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Newcomers to Power: How to sit on someone else's throne. Socialists conquer France in 1981, non-socialists conquer Sweden in 1976
Uppsala University, Disciplinary Domain of Humanities and Social Sciences, Faculty of Social Sciences, Department of Government.
2001 (English)Doctoral thesis, monograph (Other academic)
Abstract [en]

Switching from the role of opposition to the role of ruler is a difficult process for political parties and politicians as collective and individual actors. This change of roles seems to be particularly painful in countries where power shifts are rare. In such cases the newcomer to power has to confront a whole political culture formed by the predecessor in power who also happens to be his ideological enemy.

This doctoral thesis investigates the enigma of newcomers to power who abandon their own ideological principles once power is won. The answer is sought in the theoretical discussion on political rationality and the nature of the rational actor. It is argued that the human agent structures his acts to fit a narrative, and that a newcomer to power senses the obligation to conform to the traditions of the country whose ruler he has become, even when these traditions go counter to his own ideology.

Two case-studies guide and develop the book's theoretical arguments: the monuments' policy put in place by the new French socialist President and government after the power shift in France in 1981, and the measures the new Swedish non-socialist government took to save the commercial steel industry in 1976. Both cases illustrate the phenomena of newcomers to power who succeed hegemonic rulers - gaullist/liberals in France, social democrats in Sweden - after several decades in opposition. Both cases also illustrate policy-making in political domains heavily loaded with national symbolism.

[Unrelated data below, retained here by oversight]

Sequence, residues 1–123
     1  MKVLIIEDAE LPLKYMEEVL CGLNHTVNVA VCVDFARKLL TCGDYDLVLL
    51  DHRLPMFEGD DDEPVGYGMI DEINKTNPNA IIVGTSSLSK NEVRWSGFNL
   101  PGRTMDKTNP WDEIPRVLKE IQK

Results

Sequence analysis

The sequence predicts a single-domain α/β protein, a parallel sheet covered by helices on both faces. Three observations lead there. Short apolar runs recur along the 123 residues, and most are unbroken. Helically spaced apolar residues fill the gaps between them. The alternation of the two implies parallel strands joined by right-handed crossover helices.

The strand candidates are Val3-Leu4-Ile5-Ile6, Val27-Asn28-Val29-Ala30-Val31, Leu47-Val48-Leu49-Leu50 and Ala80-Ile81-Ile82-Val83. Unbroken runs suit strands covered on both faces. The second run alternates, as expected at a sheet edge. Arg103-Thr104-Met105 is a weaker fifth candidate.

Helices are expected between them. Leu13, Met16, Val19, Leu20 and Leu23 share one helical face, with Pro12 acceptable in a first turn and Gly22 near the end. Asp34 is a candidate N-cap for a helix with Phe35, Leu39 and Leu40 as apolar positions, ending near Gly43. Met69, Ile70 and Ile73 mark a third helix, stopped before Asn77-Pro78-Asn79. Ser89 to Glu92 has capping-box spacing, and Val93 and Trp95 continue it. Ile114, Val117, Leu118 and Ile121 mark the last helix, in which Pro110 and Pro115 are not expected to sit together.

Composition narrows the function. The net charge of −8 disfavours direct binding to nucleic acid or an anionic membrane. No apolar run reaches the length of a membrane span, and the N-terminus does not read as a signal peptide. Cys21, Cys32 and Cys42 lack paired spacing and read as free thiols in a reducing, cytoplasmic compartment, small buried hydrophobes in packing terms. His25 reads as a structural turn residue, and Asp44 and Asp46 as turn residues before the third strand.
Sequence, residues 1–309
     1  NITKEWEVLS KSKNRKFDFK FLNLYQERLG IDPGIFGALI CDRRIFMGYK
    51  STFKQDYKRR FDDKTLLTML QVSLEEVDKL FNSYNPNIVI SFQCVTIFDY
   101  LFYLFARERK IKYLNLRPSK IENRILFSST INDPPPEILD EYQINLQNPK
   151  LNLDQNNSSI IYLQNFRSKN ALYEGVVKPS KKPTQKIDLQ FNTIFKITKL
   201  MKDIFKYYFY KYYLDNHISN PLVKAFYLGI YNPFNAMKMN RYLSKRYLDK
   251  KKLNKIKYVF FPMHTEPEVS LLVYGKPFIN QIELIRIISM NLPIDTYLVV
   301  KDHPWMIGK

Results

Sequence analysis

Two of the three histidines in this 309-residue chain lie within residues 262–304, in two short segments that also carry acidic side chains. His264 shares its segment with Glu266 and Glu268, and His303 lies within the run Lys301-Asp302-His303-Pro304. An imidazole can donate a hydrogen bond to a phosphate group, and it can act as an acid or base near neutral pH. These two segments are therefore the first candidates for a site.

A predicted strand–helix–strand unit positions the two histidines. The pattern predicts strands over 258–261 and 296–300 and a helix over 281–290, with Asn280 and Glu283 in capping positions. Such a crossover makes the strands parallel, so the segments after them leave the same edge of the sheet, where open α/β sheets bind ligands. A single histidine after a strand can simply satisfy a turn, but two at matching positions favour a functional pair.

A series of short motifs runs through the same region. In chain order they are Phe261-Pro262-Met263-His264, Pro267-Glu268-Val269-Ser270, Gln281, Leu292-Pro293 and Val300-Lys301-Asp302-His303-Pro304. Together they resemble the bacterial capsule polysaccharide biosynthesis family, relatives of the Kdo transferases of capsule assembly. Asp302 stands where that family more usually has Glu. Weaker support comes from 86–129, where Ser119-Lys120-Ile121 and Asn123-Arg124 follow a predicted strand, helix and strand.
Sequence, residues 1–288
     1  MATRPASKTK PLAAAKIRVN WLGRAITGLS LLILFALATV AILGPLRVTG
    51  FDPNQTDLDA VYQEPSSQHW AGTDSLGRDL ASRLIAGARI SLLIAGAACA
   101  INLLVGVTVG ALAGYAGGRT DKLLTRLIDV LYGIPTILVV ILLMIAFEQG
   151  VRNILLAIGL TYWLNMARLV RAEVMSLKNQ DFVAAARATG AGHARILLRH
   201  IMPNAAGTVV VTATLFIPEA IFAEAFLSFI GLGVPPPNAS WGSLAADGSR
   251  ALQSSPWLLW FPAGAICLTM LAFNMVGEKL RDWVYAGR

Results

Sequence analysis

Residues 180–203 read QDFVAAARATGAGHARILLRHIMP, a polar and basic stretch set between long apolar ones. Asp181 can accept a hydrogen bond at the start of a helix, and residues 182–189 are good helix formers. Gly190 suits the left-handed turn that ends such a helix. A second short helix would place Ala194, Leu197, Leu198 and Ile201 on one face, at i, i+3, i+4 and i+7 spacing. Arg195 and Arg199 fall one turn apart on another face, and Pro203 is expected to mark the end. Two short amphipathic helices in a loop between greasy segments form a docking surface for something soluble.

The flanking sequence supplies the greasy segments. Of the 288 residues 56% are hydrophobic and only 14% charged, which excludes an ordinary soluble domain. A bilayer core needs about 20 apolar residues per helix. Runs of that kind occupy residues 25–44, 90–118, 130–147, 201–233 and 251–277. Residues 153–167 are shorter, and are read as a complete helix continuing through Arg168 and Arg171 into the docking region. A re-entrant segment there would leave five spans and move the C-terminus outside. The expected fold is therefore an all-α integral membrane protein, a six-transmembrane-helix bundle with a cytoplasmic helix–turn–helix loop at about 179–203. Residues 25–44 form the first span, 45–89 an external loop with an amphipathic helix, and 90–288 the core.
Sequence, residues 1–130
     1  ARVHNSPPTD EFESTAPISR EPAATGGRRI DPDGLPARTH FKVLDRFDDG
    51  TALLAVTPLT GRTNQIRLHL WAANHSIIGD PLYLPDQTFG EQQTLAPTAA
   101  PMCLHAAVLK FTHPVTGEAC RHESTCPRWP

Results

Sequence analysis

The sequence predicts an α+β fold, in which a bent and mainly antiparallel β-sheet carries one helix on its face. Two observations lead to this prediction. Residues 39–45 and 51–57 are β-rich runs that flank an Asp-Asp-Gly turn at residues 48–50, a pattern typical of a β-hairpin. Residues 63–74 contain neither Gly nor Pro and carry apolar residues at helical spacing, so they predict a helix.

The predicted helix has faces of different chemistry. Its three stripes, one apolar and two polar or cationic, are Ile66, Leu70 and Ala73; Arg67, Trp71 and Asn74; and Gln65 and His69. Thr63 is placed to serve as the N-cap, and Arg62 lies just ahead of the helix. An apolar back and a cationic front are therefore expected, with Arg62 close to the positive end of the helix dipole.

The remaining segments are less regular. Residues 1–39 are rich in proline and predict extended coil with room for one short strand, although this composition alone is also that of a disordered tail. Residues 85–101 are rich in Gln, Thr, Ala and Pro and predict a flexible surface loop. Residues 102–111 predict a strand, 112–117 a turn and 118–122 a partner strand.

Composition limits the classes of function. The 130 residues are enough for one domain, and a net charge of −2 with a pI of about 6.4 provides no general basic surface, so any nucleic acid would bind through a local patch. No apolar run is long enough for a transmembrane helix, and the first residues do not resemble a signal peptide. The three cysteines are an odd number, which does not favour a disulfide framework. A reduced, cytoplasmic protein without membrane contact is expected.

Concluding that the studied newcomers to power were caught in a paradox of legitimacy which made betrayal of their own ideological principles the most rational course of action, this book contributes to our understanding of the emotional and rational complexity of political decision-making. It also unveils the contradictory demands posed to a new ruler by the democratic system. Bringing the story to the "right' ending in order to secure both applause and diffuse legitimacy appears to be a decisive although unarticulated goal which guides a newcomer to power.

Place, publisher, year, edition, pages
Uppsala: Acta Universitatis Upsaliensis , 2001. , 227 p.
Skrifter utgivna av Statsvetenskapliga föreningen i Uppsala, ISSN 0346-7538 ; 148
Keyword [en]
Political science, France, Mitterrand, Sweden, non-socialists, social-democrats, political parties, ruler, narrative, rationality, legitimacy
Keyword [sv]
National Category
Political Science (excluding Public Administration Studies and Globalization Studies)
Research subject
Political Science
URN: urn:nbn:se:uu:diva-1536ISBN: 91-554-5122-5OAI: oai:DiVA.org:uu-1536DiVA: diva2:161114
Public defence
2001-12-12, Brusewitzsalen, Department of Government, Gamla Torget 6, Uppsala, 10:15 (English)
Available from: 2001-11-12 Created: 2001-11-12 Last updated: 2010-01-13Bibliographically approved

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